I’m not going to lie Bangkok was not my favourite of places. Perhaps because we arrived in the early hours of the morning at a grubby and packed bus station where we spent a tense few minutes negotiating with a taxi driver who spoke no English only shouted in Thai to take us to our hostel, perhaps because it was painfully hot one day and miserably raining the next. But despite all this it is still a city full of treasures not to be missed. So here you have my list of what to see in Bangkok…
1) The skytrain. I was far too excited about what is essentially their version of the underground. The difference being that, as the name suggests, instead of being underground it runs above your head and it offers a pretty impressive view of the city as it does so.
2) The Reclining Buddha. To be completely honest I’d about had my fill of temples by this point but this was truly impressive. Found at Wat Pho temple, the Reclining Buddha is an imposing 46 metre long statue that leaves even the most unreligious in awe.
3) Khao San Road! It is the place to party. The clubs and bars spill out onto the streets and you literally find yourselves dancing on Khao San Road. We bought beers from the lady selling them along the side of the road to avoid the queues at the bars and fried noodles from one of the many stalls and partied the night away! At least until the music made an abrupt stop at 1am, be warned the curfew here is a strict one!
4) The Unicorn Cafe. Ok this may not be to everyone’s taste but this was right up my street. A cafe full of pastel colours and unicorns. We sat in colourful throne type seats with cuddly toy unicorns on our lap and sipped ridiculously sugary hot chocolates which came complete with unicorn horns! A little on the expensive side? yes, full of tourists? yes, a whole lot of fun? Hell yes!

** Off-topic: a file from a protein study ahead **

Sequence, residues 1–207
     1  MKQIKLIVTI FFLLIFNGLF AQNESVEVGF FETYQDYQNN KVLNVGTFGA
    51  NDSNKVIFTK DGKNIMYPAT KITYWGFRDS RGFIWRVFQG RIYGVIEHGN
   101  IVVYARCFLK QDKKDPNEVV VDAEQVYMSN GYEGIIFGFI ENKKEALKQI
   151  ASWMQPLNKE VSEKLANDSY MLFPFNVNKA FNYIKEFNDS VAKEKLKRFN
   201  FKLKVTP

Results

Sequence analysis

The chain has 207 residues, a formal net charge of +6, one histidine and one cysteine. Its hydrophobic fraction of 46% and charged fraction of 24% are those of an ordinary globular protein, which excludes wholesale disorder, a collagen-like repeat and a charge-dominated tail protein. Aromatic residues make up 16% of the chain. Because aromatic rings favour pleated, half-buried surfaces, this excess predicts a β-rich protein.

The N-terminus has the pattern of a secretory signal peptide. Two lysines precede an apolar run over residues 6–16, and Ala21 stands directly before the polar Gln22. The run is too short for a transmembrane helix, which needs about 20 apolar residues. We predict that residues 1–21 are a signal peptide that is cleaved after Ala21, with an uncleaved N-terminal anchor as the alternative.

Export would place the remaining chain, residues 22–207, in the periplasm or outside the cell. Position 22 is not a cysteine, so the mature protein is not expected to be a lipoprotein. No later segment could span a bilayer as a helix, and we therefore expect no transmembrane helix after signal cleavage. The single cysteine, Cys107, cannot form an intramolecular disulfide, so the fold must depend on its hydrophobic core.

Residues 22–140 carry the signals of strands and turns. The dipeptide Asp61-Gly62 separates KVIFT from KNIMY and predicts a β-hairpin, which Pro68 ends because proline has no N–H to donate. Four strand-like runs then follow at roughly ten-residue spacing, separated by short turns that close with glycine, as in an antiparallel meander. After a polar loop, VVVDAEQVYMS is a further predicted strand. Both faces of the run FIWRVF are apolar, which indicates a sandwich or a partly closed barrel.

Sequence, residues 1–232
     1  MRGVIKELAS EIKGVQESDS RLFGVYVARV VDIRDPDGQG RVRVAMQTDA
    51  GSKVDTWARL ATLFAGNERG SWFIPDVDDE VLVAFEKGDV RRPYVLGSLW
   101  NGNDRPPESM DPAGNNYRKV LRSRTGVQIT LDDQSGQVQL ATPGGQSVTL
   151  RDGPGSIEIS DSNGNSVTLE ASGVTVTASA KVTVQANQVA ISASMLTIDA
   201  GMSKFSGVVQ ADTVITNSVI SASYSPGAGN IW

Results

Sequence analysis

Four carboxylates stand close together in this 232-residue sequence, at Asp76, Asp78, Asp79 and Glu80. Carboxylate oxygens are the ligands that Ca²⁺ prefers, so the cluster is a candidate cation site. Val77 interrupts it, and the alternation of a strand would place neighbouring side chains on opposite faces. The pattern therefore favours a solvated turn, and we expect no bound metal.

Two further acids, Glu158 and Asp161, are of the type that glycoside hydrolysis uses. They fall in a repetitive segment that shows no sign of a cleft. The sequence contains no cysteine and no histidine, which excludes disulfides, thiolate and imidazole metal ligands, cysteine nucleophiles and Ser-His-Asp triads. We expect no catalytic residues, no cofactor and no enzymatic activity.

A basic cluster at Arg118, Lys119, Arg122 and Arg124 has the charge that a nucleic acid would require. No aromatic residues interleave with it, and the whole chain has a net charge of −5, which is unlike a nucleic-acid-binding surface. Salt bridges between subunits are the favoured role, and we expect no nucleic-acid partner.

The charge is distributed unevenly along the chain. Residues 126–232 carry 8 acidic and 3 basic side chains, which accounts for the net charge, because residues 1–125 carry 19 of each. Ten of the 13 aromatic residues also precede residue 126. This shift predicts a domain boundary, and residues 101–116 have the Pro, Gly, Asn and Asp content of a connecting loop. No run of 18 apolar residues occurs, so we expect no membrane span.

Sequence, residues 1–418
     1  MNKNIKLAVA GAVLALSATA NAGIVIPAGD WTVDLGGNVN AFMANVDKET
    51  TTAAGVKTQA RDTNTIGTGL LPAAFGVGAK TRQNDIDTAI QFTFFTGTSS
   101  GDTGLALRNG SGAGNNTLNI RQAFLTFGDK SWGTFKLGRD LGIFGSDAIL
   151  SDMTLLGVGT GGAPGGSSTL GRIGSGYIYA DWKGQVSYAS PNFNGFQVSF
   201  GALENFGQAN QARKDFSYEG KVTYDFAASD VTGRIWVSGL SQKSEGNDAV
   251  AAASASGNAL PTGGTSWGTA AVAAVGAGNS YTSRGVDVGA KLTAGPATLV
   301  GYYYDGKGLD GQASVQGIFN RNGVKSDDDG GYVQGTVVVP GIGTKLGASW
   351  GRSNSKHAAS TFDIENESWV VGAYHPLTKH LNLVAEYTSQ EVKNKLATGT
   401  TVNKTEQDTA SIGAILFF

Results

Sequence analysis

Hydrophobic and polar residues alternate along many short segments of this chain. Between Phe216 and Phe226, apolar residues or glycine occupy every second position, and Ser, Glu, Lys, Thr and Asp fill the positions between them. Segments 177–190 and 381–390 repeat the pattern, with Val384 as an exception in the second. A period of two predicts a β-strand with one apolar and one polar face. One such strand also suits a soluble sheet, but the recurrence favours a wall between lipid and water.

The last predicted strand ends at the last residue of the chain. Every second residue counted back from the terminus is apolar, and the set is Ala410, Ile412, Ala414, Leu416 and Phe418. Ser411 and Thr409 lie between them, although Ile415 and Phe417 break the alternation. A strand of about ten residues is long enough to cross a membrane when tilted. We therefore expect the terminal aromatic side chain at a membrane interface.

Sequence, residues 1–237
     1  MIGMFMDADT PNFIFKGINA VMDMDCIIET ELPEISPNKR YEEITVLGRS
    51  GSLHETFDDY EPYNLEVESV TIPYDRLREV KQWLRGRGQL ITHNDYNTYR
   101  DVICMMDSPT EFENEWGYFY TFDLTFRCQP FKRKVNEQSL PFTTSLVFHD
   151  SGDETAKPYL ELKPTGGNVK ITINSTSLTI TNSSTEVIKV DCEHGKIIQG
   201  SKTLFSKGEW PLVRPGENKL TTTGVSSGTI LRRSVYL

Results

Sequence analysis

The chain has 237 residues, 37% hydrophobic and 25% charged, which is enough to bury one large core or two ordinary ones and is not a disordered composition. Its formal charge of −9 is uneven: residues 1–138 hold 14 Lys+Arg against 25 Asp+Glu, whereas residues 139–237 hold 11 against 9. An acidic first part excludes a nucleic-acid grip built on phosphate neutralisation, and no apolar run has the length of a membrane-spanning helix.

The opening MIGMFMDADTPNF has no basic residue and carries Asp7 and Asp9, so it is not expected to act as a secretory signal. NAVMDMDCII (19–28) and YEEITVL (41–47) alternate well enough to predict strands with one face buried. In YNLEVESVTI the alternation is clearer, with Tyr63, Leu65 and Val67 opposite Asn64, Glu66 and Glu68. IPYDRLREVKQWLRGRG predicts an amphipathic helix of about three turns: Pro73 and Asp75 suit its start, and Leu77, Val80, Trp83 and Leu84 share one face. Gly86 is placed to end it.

5) The weekend markets. Yes I know more markets, we spent a whole lot of our trip wandering around markets! Chatachak Market though was definitely one of the best. It was huge and we spent the best part of our day wandering around the thousands of stalls purchasing souvenirs and spending the last of our Thai money.
6) The floating markets. These are just outside Bangkok and we took a day trip their to visit them. Although the goods sold were no different to any other market the purchasing is far more fun. You hop in a boat and cruise along the canals stopping at any stalls along the wayside that take your fancy. And if you get hungry or thirsty you can always call over one of the boats floating the canals selling fresh fruit, fresh coconuts and all other manner of street foods.
7) The Bridge on the River Kwai. About three hours outside of Bangkok again you need to take a day trip to see this interesting sight. It’s amazing how many tourists there are swarming what is essentially a memorial sight. And seeing the throngs of people the bright market stalls and glorious sunshine it is impossible to think that this was a place of so much suffering for so many. It is an interesting visit especially the JEATH museum which contains some interesting if questionable information about the Second World War (according to them Hitler escaped at the end of the war and has never been found?) but if you want to know more about the war from the Asian perspective it is definitely worth a visit. And seeing a train cross the bridge full of cheery passengers gives some satisfaction, with the feeling that at least those whose lives were sacrificed in the building, built something that still stands and provides enjoyment for the plenty.
Bangkok is a huge thriving city and as with most large cities you could spend days exploring it and still not discover everything. Whilst I’m disappointed that we didn’t manage to see a couple of things the truth be told I won’t be rushing back, there are too many other places on my list to return to first!